It’s a de­cep­tively sim­ple sys­tem, and you’re rapidly made to feel wor­ry­ingly pow­er­ful, with those four face but­tons quickly filled with at­tacks. Yet there is so much more to Tran­sis­tor’s com­bat than early glimpses re­veal. You find more moves, dubbed Func­tions, ly­ing on the corpses of the Cam­er­ata’s ex-mem­bers. As you level up, you’ll un­lock more, and more ways in which to use them. A Func­tion can be Ac­tive and trig­gered with a face but­ton; an Up­grade, chang­ing the way an Ac­tive move op­er­ates; or Pas­sive, giv­ing Red a per­ma­nent buff. You’re en­cour­aged to mix up your ap­proach – the first time you as­sign a skill to an empty slot, you’re given a lit­tle back­story about the mem­ber of the glit­terati on whose corpse you first dis­cov­ered it, and you’ll need to put it in all three slots to learn their whole story. But you’ll be forced to switch things up, too: take too much dam­age and the most pow­er­ful skill in your ar­se­nal will Over­load and be un­avail­able for a while. And should you play things too safely, the Tran­sis­tor will read­ily point it out. When we spend an en­tire Turn bar on the Crash melee move, we’re chided with a dry mut­ter of, “Sub­tle.”

There are other lit­tle bal­anc­ing acts. When lev­el­ling up, you’re faced with a se­ries of choices: pick­ing one of two new moves, un­lock­ing new Pas­sive or Up­grade slots, or in­creas­ing the Mem­ory pool that re­stricts how many skills you can use at once. Lim­iters buff the en­emy threat level in ex­change for faster lev­el­ling. And downed foes spawn clus­ters of cells, which must be col­lected within a time limit or they’ll respawn, adding a fran­tic risk to the cooldown be­tween Turns. It’s a smart, re­mark­ably in­tri­cate sys­tem that in­vites ex­per­i­men­ta­tion long af­ter the cred­its have rolled and you’re into New Game Plus, where your skillset car­ries over and the en­emy threat ramps up.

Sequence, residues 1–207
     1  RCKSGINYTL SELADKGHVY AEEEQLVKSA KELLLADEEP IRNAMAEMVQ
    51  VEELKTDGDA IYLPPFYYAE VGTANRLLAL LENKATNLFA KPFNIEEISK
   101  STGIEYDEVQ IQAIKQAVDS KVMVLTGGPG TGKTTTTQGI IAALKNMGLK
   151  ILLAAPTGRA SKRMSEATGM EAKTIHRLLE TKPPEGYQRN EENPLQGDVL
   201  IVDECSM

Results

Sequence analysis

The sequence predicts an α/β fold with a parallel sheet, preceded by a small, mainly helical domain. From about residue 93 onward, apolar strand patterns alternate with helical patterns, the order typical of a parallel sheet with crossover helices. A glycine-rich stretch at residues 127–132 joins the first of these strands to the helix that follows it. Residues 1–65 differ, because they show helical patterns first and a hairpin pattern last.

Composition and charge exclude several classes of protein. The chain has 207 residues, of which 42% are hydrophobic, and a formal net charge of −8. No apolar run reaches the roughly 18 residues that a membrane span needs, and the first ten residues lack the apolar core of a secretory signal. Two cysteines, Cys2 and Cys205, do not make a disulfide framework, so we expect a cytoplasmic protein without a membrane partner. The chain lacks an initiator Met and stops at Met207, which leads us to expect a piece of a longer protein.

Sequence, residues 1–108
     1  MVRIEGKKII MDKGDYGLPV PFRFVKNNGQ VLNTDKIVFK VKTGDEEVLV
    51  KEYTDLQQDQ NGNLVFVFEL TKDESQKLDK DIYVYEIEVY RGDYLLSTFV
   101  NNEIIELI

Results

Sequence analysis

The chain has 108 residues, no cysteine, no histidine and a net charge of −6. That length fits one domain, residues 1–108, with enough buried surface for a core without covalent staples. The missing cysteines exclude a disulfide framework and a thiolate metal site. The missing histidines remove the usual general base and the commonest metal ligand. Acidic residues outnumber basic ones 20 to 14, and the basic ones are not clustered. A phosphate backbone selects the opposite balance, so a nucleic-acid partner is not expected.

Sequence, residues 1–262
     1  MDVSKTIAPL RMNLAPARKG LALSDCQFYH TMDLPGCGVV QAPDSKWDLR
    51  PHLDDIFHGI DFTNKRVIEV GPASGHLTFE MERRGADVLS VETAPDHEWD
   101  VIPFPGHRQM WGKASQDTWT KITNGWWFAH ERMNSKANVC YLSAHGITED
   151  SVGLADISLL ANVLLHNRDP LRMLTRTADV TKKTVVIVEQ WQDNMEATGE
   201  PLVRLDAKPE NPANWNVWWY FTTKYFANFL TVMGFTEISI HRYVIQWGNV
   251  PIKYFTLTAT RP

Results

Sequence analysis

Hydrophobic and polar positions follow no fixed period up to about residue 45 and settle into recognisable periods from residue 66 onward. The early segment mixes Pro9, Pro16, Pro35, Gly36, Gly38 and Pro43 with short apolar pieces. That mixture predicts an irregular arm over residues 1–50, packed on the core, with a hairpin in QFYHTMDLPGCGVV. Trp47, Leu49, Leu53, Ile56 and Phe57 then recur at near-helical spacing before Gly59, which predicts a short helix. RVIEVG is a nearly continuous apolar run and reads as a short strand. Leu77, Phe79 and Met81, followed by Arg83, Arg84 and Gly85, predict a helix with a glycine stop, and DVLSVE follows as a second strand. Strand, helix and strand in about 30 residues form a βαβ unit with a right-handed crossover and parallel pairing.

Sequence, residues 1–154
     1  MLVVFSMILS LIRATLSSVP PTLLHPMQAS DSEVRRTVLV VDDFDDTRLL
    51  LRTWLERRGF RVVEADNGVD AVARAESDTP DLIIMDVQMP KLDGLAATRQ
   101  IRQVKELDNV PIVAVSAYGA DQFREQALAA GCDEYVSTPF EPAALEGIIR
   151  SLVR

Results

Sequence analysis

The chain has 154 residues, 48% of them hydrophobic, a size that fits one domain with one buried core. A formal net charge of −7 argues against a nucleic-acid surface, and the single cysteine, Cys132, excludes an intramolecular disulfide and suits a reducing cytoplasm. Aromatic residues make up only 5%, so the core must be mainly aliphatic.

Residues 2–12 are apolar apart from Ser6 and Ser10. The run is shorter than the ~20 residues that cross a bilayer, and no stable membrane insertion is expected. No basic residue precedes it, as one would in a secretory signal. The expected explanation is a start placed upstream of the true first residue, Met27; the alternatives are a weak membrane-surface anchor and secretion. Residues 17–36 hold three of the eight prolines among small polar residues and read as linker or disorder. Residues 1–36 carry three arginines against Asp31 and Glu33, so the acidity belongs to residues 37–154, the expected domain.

Yet Tran­sis­tor’s great­est as­set is con­fi­dence. This is a re­mark­ably as­sured game for such a young stu­dio, the work of a small team that knows ex­actly what it wants to do and ex­e­cutes it al­most with­out er­ror. Its art style is divine, its sound­track is re­mark­able, its com­bat is in­tri­cate, and the story of its odd-cou­ple pro­tag­o­nists is both smartly writ­ten and deftly told. It is a game made, lit­er­ally, with a Flour­ish: tap R1 and Red flings the sword out in front of her, the blade spin­ning in midair as she jumps out to catch it. It’s a move that serves no pur­pose be­yond let­ting play­ers tra­verse Cloud­bank with the same easy style with which Tran­sis­tor has been made. Su­per­giant may work to a tem­plate, but when it’s as ir­re­sistible as this, it’s easy to see why.